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Old 06-27-2015, 02:54 PM   #17
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Apples to Apples comparison for example on s&p index fund. preix vs vfiax over 15 years. Vanguard had 16.6% higher returns. Fee difference is 0.5% vs 0.05%
Maybe I'm not looking at/using the chart correctly.

If I look at the M* chart and plot vfiax vs preix over 15 years (June 27, 2000 to present), I see that $10K invested in vfiax yields a total of $19,257 vs $18,582 with preix or a total of $675 improvement of vfiax over preix over a 15 year period.

I'm not seeing the 16.6%. Enlighten me. Again, not challenging your claim, but "numbers is hard" for me sometimes.
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Old 06-27-2015, 03:53 PM   #18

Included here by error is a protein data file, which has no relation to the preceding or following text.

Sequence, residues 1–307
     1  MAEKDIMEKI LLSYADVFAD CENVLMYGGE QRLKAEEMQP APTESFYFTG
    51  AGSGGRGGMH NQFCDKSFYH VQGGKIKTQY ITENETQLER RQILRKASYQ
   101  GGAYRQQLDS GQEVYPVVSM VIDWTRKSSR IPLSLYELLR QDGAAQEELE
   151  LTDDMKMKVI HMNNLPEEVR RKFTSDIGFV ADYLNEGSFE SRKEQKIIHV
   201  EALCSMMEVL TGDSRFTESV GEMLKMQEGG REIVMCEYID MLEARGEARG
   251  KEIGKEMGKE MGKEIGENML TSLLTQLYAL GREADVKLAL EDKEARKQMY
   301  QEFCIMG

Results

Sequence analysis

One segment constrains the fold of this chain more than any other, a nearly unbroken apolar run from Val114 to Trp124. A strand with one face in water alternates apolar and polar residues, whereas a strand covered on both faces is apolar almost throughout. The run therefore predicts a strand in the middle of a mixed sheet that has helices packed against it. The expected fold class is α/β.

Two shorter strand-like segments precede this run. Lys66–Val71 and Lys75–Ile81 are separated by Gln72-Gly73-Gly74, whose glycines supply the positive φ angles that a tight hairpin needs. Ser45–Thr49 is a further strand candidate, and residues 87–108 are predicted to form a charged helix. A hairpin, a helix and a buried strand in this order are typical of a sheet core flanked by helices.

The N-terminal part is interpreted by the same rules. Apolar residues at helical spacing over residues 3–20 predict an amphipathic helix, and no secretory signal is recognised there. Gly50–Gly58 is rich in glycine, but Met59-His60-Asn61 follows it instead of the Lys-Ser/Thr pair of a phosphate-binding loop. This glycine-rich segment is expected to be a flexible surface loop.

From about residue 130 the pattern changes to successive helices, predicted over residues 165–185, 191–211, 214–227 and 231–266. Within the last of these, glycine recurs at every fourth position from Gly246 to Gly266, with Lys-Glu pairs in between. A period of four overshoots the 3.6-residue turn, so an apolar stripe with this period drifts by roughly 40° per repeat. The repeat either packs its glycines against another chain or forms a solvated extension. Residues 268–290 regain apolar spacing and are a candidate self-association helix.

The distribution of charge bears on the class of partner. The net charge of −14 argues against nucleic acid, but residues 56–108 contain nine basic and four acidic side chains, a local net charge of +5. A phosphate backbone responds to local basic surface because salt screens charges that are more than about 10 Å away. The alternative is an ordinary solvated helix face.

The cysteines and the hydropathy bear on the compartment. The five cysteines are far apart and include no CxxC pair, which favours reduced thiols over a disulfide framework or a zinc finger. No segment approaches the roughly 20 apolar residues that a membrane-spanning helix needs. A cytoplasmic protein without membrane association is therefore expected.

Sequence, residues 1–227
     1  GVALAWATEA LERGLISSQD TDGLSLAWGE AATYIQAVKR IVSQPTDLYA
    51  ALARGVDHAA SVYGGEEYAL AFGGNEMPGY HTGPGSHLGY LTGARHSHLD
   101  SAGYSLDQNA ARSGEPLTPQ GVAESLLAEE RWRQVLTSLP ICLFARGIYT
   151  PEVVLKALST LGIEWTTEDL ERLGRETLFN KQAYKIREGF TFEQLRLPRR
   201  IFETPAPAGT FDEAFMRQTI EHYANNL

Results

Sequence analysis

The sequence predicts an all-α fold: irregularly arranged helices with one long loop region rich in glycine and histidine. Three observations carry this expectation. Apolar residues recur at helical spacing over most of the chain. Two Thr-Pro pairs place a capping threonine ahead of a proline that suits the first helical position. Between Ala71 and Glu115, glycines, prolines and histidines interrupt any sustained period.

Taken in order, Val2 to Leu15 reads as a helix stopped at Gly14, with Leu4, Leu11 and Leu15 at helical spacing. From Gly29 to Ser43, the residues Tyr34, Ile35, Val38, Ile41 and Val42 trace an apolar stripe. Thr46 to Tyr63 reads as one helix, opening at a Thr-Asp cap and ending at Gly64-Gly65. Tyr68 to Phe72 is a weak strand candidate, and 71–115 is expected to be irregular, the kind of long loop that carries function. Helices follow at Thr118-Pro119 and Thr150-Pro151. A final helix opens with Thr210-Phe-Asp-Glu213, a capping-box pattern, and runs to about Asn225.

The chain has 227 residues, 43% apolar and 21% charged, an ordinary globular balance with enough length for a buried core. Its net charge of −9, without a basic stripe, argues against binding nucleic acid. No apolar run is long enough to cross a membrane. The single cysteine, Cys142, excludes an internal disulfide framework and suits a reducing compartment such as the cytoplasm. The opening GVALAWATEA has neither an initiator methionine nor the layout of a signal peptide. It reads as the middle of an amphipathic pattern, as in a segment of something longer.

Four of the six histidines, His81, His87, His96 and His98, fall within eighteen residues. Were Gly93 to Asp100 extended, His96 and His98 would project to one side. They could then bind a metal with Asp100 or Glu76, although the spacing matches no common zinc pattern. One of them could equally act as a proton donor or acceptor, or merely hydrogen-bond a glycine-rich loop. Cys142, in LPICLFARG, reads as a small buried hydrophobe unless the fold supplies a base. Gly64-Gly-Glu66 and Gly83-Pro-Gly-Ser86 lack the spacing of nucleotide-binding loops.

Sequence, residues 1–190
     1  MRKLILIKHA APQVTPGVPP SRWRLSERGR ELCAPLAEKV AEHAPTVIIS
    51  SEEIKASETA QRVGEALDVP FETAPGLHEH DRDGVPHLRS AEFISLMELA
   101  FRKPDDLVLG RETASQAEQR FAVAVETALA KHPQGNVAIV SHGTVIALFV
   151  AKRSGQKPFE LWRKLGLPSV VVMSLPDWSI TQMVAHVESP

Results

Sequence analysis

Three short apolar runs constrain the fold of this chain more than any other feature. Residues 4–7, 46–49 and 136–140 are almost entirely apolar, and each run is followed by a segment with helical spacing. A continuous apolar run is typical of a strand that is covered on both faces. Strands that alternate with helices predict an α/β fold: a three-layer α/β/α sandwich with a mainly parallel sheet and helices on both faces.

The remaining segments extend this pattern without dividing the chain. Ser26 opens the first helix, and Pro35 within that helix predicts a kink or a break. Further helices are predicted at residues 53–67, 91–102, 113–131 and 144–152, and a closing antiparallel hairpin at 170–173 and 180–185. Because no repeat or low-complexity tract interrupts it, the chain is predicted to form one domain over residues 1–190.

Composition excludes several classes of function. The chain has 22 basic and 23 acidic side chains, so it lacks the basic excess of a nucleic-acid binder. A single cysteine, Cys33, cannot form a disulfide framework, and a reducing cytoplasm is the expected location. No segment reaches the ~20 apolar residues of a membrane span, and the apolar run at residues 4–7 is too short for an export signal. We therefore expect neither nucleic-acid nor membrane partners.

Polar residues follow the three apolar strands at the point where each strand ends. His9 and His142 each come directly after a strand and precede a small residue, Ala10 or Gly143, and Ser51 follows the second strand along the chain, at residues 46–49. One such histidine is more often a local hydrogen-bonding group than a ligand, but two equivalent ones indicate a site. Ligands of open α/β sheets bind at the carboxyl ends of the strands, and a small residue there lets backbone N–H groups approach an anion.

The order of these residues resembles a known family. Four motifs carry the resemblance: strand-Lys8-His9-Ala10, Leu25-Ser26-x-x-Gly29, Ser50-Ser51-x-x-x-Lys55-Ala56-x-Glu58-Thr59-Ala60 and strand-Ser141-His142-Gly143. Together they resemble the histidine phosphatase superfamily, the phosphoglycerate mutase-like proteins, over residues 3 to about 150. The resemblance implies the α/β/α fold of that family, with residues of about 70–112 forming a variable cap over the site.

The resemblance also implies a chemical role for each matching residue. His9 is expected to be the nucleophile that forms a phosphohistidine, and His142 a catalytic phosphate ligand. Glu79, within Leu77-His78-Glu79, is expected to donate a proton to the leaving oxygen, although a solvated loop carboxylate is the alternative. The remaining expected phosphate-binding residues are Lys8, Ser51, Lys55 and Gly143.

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My mistake.. VFIAX doesn't go back 15 years! So, a tracking error in my calculations.
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Old 06-27-2015, 04:03 PM   #19
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I'm not seeing the 16.6%.
I'm not either. I only went back 10 yrs (the tool I grabbed only went back that far) but it showed the growth of $10k to be $21,296 for preix vs $21,869 for vfiax. Those differences are clearly far short of 16.6%.

Also the difference in ER's is not .5% vs .05% but .27% vs .5%. .27% is pretty high for a S and P 500 index fund but still a lot less than the mistaken .5% figure that was given.

marko - I'm surprised that you're so surprised by what you're seeing. Based on reading zillions of your posts, you seem plenty savvy to understand that even small differences in strategies and management style and capability can offset small differences in expense ratios in managed funds. And with index funds, assuming they all do a good job of tracking the index, the expense ratio is everything. But, with index funds expense ratios are generally small and differences border on inconsequential unless you're talking about large amounts of money over long periods of time.